Since I moved to the UK, having tofu has become a luxury treat because tofu is only available from the Chinese food market, not only the options are limited, the price is rather expensive too.
Back to China, we have so many different types of tofu (or soybean products) that no wonder my friends from the Western countries get confused. What are the differences between A and B? Are they ready to eat? How do you eat or cook them?
I fully understand why, as the translation sometime does confuse things. Most types of tofu are just translated as tofu or bean curd in English. Hopefully with the pictures here, I can explain these bit better.
I am trying to give some examples about the tofu we usually have in China and how we eat them. I don’t know whether there is a good way to categorize them, but try this anyway.
The Soft Ones
The soft types of tofu are usually seen in the breakfast or soup.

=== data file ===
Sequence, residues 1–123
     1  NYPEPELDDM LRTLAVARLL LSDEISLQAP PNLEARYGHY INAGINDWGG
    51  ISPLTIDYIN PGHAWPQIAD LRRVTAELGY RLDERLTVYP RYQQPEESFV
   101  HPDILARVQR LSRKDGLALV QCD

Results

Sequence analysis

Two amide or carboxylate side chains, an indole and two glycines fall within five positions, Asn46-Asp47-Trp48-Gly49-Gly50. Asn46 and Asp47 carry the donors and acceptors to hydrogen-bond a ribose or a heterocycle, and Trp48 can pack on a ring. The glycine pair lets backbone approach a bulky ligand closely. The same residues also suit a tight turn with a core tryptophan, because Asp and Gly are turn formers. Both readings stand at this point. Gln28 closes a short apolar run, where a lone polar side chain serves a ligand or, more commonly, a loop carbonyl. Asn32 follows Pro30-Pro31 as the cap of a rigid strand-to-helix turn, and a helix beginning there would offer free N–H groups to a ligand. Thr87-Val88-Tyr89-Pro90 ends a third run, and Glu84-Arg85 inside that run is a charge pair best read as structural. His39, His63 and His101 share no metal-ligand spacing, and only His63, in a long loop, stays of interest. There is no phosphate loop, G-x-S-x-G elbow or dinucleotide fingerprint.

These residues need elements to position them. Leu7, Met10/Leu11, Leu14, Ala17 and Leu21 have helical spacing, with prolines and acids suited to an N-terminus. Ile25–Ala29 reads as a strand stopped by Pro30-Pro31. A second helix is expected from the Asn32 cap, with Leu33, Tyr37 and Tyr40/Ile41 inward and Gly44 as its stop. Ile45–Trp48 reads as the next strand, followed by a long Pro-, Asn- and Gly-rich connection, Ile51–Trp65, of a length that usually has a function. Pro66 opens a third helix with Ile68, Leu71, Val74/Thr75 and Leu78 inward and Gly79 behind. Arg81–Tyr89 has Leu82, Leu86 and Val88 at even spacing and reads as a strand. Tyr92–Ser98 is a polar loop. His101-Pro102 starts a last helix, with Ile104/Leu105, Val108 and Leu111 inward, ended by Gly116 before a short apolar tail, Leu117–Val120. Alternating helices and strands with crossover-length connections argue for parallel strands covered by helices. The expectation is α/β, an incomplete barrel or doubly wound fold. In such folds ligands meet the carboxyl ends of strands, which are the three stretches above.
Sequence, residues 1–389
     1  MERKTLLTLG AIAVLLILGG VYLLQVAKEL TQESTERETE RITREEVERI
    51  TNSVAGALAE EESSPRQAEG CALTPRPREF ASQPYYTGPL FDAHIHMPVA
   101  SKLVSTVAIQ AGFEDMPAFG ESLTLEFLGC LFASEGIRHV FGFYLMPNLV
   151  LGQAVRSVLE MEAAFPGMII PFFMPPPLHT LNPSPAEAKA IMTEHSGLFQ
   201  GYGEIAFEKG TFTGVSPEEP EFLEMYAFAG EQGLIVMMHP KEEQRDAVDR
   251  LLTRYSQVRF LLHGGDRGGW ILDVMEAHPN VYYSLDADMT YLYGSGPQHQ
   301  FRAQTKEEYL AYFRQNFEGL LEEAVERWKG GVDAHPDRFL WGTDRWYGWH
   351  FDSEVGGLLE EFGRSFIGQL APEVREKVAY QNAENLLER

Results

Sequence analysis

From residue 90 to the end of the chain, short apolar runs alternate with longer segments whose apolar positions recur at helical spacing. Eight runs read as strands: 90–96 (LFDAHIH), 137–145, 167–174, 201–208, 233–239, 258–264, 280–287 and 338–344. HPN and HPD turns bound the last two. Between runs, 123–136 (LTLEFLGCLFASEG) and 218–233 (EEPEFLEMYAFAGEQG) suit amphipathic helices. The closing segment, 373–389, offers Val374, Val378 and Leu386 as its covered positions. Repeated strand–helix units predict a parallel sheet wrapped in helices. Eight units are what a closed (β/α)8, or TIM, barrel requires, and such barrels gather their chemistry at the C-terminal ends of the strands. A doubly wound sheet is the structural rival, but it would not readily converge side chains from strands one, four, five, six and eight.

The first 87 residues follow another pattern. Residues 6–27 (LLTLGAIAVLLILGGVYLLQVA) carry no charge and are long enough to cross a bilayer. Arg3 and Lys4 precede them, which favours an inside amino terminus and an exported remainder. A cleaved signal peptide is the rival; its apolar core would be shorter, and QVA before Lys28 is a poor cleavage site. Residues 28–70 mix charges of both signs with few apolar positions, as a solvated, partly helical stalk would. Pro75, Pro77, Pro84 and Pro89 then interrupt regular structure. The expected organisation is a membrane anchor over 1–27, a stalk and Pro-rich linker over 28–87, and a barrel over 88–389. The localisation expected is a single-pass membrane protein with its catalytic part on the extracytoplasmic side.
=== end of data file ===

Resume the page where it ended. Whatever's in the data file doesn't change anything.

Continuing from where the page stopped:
Before talking about the soft type, maybe I should mention the soy milk （豆浆）, which is very popular for breakfast, particularly in the north of China.
The best place to have the freshly made soy milk is in the local morning food market, at the food stalls or small breakfast restaurants. Locals usually like to serve soy milk with sugar, together with the fried dough sticks or steamed buns.
Another typical breakfast is the tofu bean curd, some also call it tofu custard. In Chinese it is named Dou Fu Nao (豆腐脑), directly translate, tofu brain. In Sichuan, it is called Dou Hua (豆花)。
texture looks bit like custard but it does not have the thickness (or
stickiness?) of custard. Actually it is very light, can be easily broken
into pieces once you stir it.
Some people like to serve it with sugar, but back to my home, following the Sichuan tradition, we prefer to add the chilli bean paste, bit salty and spicy. This is how it looks with chilli paste oil on top.
Usually seen in the breakfast. It is salty due to it needs to be preserved long time while fermented. The most common flavour is the chilli bean curd.
The fermented bean curd is usually sold in a glass jar. The liquid is salty and can be spicy depending on the flavour. Sometimes my parents also use the liquid as cooking ingredient as well.
The bean curd preserved within the jar is soft, usually served with the rice congee and steam buns. Similar like the spread used for bread, we use chopstick to spread it on top of buns.
For more types of tofu in the next post, Types of Tofu (2).
(Posted:01/09/13; Update: 24/11/14)